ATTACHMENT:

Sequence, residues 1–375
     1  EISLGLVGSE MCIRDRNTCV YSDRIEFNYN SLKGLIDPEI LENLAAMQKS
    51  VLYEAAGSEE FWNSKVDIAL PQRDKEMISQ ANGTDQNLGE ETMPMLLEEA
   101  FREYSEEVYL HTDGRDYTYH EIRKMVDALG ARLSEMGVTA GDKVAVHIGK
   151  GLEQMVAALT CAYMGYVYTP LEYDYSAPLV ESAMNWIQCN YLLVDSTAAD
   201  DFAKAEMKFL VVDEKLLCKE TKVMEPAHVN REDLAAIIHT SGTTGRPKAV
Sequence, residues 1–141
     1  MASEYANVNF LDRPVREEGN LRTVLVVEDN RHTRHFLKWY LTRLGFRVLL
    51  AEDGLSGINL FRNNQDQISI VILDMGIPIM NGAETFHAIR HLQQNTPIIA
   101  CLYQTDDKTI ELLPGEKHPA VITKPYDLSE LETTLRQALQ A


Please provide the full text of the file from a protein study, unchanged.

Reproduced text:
Sequence, residues 1–375
     1  EISLGLVGSE MCIRDRNTCV YSDRIEFNYN SLKGLIDPEI LENLAAMQKS
    51  VLYEAAGSEE FWNSKVDIAL PQRDKEMISQ ANGTDQNLGE ETMPMLLEEA
   101  FREYSEEVYL HTDGRDYTYH EIRKMVDALG ARLSEMGVTA GDKVAVHIGK
   151  GLEQMVAALT CAYMGYVYTP LEYDYSAPLV ESAMNWIQCN YLLVDSTAAD
   201  DFAKAEMKFL VVDEKLLCKE TKVMEPAHVN REDLAAIIHT SGTTGRPKAV
Sequence, residues 1–141
     1  MASEYANVNF LDRPVREEGN LRTVLVVEDN RHTRHFLKWY LTRLGFRVLL
    51  AEDGLSGINL FRNNQDQISI VILDMGIPIM NGAETFHAIR HLQQNTPIIA
   101  CLYQTDDKTI ELLPGEKHPA VITKPYDLSE LETTLRQALQ A